Tue Jul 29 15:59:55 CEST 2003
On Tue, 29 Jul 2003, Vlad Dumitrescu wrote:
> You are partly right. I am somewhat confused about the terms, but I
> hope now I managed to clear up my thoughts.
> Interface = specification of exported functions for a module
> Behaviour = specification of callback functions that are used together
> with a generic "main loop" to define the functionality of a process
> That's how I would like to see things, and then there is a difference
> between the two. Does it make sense?
It could make sense, as in "a behaviour is an interface to an
agent/process", making a distinction between passive and active.
I can't quite see the usefulness of this, though, unless the compiler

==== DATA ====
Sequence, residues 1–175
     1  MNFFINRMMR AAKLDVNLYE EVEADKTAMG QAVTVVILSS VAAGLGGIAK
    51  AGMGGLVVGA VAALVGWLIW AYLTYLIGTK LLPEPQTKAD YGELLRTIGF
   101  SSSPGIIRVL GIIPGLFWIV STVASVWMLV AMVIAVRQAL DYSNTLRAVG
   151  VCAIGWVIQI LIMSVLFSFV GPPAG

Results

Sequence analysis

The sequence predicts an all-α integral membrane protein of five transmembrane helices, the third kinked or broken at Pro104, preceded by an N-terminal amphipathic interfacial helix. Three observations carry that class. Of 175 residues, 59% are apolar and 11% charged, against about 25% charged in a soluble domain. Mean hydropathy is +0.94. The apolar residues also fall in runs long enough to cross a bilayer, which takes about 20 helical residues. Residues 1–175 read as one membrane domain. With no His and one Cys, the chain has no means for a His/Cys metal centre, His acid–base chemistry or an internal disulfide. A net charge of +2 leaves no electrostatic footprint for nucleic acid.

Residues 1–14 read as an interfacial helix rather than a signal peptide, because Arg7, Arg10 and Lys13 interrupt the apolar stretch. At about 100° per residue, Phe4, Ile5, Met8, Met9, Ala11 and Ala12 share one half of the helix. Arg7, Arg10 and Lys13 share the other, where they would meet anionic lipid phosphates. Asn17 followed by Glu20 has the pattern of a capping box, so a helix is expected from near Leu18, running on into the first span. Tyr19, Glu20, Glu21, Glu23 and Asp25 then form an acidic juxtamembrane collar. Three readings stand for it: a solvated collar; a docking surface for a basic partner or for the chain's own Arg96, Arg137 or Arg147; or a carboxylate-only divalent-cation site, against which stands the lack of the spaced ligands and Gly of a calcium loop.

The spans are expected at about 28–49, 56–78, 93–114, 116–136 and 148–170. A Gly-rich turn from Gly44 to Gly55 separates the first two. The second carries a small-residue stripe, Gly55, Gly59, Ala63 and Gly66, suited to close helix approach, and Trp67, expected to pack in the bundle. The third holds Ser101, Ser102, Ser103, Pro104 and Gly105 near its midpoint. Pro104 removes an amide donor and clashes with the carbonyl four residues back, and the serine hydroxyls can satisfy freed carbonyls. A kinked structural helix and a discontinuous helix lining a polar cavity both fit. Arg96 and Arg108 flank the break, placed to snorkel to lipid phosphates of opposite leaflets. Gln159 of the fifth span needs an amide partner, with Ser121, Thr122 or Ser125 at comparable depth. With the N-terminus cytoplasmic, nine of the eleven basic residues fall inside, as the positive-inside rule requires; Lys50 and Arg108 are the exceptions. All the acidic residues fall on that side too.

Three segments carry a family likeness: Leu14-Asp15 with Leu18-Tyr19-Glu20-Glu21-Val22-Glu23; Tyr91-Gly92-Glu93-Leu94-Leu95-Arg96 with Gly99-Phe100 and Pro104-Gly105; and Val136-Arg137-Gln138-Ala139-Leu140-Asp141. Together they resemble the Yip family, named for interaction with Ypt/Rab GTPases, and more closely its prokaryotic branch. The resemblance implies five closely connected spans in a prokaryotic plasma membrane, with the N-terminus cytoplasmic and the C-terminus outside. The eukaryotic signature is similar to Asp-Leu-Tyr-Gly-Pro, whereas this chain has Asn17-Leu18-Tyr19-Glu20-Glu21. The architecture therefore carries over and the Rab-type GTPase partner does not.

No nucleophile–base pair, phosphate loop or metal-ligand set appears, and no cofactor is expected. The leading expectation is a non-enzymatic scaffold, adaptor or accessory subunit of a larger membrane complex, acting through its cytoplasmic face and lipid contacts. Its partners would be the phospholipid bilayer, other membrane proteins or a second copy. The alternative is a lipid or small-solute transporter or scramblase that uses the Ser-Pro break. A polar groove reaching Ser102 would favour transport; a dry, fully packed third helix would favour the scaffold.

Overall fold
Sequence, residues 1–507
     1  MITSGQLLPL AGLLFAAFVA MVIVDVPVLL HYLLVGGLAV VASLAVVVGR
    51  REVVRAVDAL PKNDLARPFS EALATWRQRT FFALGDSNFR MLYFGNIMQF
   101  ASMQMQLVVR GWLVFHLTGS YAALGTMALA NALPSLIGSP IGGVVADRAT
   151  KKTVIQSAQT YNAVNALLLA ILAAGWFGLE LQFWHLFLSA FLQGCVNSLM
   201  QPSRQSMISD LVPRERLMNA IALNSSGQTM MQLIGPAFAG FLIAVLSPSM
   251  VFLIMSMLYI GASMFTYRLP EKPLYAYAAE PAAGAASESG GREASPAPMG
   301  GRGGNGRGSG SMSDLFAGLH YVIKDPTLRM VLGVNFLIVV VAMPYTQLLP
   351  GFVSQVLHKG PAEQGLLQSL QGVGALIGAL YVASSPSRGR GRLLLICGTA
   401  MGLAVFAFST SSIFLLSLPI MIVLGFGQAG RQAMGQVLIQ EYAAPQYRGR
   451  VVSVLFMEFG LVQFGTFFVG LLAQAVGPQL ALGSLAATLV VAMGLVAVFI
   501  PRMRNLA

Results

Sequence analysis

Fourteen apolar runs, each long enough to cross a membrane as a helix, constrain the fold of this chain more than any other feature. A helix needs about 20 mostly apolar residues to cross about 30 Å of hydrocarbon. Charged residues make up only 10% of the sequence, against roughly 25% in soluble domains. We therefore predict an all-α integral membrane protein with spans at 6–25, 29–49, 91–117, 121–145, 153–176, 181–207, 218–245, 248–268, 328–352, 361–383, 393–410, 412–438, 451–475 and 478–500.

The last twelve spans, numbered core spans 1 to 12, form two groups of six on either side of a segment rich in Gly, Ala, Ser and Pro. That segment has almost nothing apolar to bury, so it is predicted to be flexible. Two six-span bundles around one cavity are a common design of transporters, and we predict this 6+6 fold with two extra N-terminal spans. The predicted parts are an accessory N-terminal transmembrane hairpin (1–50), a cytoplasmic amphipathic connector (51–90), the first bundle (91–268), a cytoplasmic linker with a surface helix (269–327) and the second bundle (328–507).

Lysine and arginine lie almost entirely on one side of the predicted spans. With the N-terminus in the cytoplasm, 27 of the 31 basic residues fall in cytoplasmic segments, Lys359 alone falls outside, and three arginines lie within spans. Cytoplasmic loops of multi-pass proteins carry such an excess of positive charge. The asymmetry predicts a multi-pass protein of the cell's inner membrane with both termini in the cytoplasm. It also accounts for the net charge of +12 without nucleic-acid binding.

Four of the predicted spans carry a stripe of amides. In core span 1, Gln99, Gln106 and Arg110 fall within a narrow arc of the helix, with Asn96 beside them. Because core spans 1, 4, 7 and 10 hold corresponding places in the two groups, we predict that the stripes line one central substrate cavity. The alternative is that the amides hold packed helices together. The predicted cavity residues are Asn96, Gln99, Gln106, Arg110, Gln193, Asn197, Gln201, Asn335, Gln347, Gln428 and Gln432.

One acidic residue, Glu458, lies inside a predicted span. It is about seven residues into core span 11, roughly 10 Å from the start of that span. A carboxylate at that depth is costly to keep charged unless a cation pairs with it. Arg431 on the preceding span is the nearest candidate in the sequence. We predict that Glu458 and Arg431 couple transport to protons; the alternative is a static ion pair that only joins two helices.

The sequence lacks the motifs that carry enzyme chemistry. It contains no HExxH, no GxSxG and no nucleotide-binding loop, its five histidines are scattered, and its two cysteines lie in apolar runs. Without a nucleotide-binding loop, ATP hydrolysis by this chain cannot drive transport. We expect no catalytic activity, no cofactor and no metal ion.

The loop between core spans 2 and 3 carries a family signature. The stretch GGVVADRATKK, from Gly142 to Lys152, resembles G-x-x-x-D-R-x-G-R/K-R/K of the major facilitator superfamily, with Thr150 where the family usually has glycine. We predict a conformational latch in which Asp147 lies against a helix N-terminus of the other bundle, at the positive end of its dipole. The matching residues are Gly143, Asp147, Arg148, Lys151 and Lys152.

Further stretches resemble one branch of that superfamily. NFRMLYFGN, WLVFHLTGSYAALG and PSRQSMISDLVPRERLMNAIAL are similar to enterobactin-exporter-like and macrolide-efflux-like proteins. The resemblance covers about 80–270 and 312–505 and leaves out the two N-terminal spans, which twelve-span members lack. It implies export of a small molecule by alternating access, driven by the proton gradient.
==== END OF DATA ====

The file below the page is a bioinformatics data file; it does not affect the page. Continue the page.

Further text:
can be made to actually test properties such as "calling this interface
function will return in constant time" (all computational results are
passed as messages), or "interface functions do not modify the process
state (e.g. the dictionary) of the caller".
It might actually be better to use "-interface(...)" in programs, and
reserve "behaviour" for the latter meaning, but only informally (at
least until we have a better idea of how it can be formalized).
Richard Carlsson (richardc@REDACTED) (This space intentionally left blank.)
E-mail: Richard.Carlsson@REDACTED WWW: http://user.it.uu.se/~richardc/
"Having users is like optimization: the wise course is to delay it."
-- Paul Graham
More information about the erlang-questions